The Hollywood awards screener is finally catching up with the digital age. In a first for the industry, Fox Filmed Entertainment will make three current releases from its Fox Searchlight movie unit that were nominated for Screen Actors Guild awards — “Black Swan,” “127 Hours,” and “Conviction” — available as free downloads from Apple Inc.’s iTunes to all of the acting guild’s nearly 100,000 voting members.
The move could mark the first step in an industry-wide shift toward making digital copies of movies available to voters for all awards, eventually ending the costly, time-honored practice of producing and sending physical copies of their DVDs.
Fox co-Chairman Jim Gianopulos said his studio is also in talks with the Academy of Motion Picture Arts and Sciences, whose members vote for the Oscars, and with the British Film Academy, about making iTunes downloads available to their voters as well even though they have already been sent DVD screeners.
SAG members will get a code they can use to download the three Fox Searchlight films in high definition and watch them on a computer, iPad, iPhone, iPod Touch, or on television via Apple TV. As with any iTunes rental, films can be watched as many times as the voter wants during a 24-hour period. They will be available from Jan. 7 until Jan. 28, the day votes are due. The SAG awards will be presented Jan. 30.
Studios regularly send DVDs with watermarks — which identify the video as belonging to a specific person in case it leaks onto the Internet — to voters in various awards groups. However, Gianopulos said his studio had never before found a way to get screeners to SAG members.
“When you’re dealing with this large a number of voters, it’s extremely difficult in terms of logistics and would be cost prohibitive to produce and ship screeners to every SAG member,” he said, adding that it would likely cost “many millions of dollars” to do so.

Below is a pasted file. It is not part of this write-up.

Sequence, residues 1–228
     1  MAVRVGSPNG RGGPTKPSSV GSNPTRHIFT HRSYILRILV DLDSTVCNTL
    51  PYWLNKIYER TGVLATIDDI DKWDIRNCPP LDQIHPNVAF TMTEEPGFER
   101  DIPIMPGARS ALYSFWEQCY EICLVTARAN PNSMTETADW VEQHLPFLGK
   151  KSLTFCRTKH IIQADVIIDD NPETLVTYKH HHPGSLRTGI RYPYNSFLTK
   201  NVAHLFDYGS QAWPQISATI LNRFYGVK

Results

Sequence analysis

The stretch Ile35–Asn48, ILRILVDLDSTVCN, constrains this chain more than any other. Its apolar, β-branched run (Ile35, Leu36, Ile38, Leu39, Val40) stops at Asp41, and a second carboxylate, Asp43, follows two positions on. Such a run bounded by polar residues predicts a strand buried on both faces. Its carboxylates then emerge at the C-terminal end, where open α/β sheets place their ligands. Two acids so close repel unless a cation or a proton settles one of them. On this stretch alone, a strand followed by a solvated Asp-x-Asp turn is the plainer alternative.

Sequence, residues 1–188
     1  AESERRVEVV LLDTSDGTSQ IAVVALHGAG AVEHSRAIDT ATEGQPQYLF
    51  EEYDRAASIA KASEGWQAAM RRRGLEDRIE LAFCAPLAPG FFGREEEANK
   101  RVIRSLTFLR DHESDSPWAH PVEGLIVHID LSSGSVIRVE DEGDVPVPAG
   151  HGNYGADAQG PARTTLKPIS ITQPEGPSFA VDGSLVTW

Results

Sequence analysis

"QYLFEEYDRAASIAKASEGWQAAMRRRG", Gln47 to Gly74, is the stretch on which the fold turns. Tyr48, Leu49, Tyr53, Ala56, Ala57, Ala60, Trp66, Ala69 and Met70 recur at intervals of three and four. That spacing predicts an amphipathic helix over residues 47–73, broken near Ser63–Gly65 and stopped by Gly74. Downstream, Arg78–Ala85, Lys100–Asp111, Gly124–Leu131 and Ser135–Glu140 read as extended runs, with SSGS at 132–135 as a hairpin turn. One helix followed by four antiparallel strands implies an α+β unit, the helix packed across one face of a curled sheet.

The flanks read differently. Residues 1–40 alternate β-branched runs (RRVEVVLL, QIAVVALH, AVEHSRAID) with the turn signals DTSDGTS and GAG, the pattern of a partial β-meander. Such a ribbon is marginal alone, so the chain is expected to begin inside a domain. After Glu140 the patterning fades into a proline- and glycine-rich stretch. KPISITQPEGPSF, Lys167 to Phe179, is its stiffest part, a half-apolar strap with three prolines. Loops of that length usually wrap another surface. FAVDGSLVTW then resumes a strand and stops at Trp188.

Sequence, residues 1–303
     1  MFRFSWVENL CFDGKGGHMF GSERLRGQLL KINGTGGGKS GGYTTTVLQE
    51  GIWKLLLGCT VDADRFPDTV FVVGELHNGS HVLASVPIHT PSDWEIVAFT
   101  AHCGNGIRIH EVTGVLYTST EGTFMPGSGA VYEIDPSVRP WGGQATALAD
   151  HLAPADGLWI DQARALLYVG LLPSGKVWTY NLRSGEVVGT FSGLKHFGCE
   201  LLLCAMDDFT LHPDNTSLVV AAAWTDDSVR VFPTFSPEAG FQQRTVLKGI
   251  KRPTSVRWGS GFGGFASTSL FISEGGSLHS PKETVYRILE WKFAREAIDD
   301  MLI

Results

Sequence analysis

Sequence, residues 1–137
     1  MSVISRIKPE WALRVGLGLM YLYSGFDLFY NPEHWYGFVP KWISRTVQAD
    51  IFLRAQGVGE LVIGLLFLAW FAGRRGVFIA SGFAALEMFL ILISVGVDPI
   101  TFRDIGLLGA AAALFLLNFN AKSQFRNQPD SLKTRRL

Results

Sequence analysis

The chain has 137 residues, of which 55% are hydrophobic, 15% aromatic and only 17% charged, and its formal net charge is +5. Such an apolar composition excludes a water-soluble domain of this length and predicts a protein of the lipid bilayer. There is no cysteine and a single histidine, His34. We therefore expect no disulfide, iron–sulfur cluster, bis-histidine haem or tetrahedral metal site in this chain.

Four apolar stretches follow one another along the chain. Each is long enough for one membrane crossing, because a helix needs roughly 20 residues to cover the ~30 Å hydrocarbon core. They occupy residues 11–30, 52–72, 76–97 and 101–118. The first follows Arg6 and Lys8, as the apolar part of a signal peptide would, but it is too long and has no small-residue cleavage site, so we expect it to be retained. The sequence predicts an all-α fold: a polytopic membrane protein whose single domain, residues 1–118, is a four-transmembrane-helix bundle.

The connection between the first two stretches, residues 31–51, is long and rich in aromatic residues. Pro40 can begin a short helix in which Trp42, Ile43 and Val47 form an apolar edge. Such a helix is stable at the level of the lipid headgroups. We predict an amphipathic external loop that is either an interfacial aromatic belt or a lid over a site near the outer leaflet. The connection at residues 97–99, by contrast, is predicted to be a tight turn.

The deal, which Gianopulos pitched to and struck with iTunes chief Eddie Cue, will quite possibly prompt other studios to make screeners available via Apple or other digital outlets. That could particularly be true for those whose films are also nominated for SAG Awards and that may feel at a competitive disadvantage.
Screeners have always been controversial in Hollywood, as studios have weighed competing worries about piracy and desires to promote their films to awards voters. In 2003, the Motion Picture Assn. of America unsuccessful attempted to ban screeners. Some studios later participated in a failed test to send Oscar voters special DVD players that could play screeners with stronger copy protection than normal DVDs.
More recently, studios have returned to sending normal discs along with watermarks to crack down on any members who allow their copies to leak online.
iTunes downloads feature much stronger copy protection than DVDs, however, and can only be watched during a 24-hour period, making it easier for studios to showcase their films to voters securely. Gianopulos noted that they could also be useful for people who want to watch a movie on a portable device or before watermarked discs have been produced.
“This could eventually be an alternative for all awards voters to give them access to our films at an earlier stage or while they are traveling,” he said. “It’s what technology is all about: Giving people more choices to view films while still recognizing that we would always prefer that they see it in a theater if possible.”
SAG members will receive an e-mail from the guild and a postcard from Fox Searchlight with instructions on accessing a download code from the studio’s website.
Source: McClatchy-Tribune Information Services.